In circumstances like these sellers and their agents need to make sure they follow the letter of the law exactly. We live in a sue happy society! If a sale goes south, it is highly advisable always to get a signed release from both parties. This legal document will state that the parties will release each other from any and all obligations that may have arisen as a result of the contract that was signed. As a real estate agent, you better get this signed before even thinking about having a seller accept a backup offer.
This isn’t to say that a seller should do anything a buyer wants them to do. In fact, real estate markets dictate decisions like these. If three other interested parties are waiting in the wings, a customer needs to make damn sure they want to ruffle a seller’s feathers or not. Over the years I have seen some unreasonable home inspection requests. You might be thinking what’s unreasonable? In my opinion, you are asking for trouble if you use a home inspection for the sole purpose of renegotiating the contract.
By re-negotiate, I mean asking for a credit or repair for something that was clearly visible before you made your offer. For example, if the seller tells you one of the bedroom windows has lost it’s seal and is cloudy don’t ask them to give you a new window. You had noticed this defect before you made your offer. The seller also pointed it out in writing in their disclosure statement.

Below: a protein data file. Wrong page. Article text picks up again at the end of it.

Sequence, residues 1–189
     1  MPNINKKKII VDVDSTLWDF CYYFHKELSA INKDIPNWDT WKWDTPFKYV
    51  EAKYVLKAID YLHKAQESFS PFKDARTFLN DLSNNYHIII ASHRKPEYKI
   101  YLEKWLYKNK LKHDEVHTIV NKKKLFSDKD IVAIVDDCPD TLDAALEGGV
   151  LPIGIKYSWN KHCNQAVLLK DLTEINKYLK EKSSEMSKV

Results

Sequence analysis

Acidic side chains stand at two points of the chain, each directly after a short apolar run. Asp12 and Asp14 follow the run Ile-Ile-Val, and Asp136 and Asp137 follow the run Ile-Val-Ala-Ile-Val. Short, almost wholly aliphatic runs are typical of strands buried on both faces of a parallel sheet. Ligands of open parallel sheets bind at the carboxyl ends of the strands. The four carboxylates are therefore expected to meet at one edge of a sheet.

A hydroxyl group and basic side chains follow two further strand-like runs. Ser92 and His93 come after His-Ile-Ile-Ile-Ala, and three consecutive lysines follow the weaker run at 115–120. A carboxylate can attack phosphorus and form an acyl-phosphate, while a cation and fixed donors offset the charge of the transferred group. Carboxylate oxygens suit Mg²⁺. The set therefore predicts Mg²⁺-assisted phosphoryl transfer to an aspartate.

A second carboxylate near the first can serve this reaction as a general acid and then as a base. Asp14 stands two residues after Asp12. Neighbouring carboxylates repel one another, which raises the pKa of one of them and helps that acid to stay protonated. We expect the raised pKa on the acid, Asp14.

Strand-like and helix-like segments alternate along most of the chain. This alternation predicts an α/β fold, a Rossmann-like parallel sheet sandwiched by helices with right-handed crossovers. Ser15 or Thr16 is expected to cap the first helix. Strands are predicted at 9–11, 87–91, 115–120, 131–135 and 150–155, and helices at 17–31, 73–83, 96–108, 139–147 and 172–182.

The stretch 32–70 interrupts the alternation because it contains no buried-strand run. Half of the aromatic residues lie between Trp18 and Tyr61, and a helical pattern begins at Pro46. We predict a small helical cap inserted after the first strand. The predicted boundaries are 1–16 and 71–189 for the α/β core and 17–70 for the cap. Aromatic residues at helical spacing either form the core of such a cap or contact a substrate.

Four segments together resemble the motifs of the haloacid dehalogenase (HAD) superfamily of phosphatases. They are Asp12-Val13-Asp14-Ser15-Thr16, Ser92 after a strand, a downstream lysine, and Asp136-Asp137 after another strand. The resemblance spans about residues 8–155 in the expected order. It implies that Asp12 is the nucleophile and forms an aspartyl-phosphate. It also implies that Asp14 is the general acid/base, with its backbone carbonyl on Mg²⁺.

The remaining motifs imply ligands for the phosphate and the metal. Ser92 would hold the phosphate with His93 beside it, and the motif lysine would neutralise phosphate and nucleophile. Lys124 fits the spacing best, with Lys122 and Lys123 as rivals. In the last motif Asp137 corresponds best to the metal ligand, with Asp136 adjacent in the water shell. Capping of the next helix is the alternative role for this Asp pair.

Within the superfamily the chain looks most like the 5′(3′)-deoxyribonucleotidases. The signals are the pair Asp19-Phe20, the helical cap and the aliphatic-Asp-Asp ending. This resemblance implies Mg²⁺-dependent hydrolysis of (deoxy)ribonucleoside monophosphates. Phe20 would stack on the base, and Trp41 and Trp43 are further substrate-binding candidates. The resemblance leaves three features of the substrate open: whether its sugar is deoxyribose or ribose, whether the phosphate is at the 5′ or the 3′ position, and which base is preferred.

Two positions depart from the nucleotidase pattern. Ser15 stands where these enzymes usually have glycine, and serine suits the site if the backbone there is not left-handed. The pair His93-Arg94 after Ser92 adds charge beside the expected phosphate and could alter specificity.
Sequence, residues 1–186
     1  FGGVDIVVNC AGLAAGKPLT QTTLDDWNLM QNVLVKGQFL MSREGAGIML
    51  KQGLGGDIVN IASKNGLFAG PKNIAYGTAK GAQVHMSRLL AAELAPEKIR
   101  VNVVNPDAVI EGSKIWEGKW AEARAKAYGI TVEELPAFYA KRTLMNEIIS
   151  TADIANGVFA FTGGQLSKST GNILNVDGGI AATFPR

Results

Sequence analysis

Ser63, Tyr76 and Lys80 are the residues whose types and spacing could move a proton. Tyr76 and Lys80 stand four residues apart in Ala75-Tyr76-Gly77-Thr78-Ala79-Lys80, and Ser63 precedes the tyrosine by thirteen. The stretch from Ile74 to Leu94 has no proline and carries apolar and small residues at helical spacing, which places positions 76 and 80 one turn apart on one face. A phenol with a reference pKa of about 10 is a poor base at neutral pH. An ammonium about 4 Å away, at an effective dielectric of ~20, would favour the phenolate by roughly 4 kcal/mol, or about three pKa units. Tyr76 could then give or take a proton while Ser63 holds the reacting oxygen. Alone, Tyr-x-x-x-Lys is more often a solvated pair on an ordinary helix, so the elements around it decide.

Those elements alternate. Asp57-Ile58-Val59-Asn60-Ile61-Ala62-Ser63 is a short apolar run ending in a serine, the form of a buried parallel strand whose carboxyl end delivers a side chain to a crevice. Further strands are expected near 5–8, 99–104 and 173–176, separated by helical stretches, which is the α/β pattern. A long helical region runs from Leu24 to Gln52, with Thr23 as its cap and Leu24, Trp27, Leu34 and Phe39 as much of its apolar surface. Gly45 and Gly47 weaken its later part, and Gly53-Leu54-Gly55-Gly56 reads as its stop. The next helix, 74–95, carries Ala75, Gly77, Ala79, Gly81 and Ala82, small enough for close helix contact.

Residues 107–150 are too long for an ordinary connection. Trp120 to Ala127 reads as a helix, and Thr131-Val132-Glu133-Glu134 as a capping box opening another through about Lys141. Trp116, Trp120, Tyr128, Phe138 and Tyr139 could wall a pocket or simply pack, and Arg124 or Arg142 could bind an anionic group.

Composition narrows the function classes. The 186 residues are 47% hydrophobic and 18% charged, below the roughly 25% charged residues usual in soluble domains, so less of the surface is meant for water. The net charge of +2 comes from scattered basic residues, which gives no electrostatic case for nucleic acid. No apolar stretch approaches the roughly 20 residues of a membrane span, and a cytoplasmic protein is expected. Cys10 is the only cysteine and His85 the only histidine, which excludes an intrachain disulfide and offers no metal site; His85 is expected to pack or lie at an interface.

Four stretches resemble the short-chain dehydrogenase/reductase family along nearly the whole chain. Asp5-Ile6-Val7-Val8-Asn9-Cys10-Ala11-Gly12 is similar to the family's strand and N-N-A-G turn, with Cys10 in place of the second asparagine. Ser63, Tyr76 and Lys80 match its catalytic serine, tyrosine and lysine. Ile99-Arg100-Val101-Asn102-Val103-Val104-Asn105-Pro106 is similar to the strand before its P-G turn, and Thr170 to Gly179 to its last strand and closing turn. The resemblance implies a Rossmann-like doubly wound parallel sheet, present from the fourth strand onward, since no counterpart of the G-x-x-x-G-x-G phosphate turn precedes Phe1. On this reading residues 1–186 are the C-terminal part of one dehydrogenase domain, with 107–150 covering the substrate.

Could a seller use a backup offer as leverage for keeping a buyer’s requests to a minimum? Yes, they sure could!
Do Real Estate Agents Have to Submit Backup Offers
You may be wondering if real estate agents are obligated to submit backup offers. Again this is probably a dependent on the state in which you are located. Here in Massachusetts, an agent must present a backup offer. The legal language that Realtors are bound to reads as follows:
“All offers submitted to brokers or salespeople to purchase or rent real property shall be conveyed forthwith to the owner of such property.” If a listing agent is a Realtor©, they have an additional ethical obligation to continue to submit to the seller all offers and counter-offers until closing unless the seller has waived this obligation in writing.”
Rules regarding presenting offers are clearly spelled out in the National Association of Realtors Code of Ethics.
The language here is pretty clear. A backup offer must be presented to a seller unless they have told you otherwise in writing. In my twenty-nine years, I have never received anything from a seller stating they don’t want any more offers and I probably never will!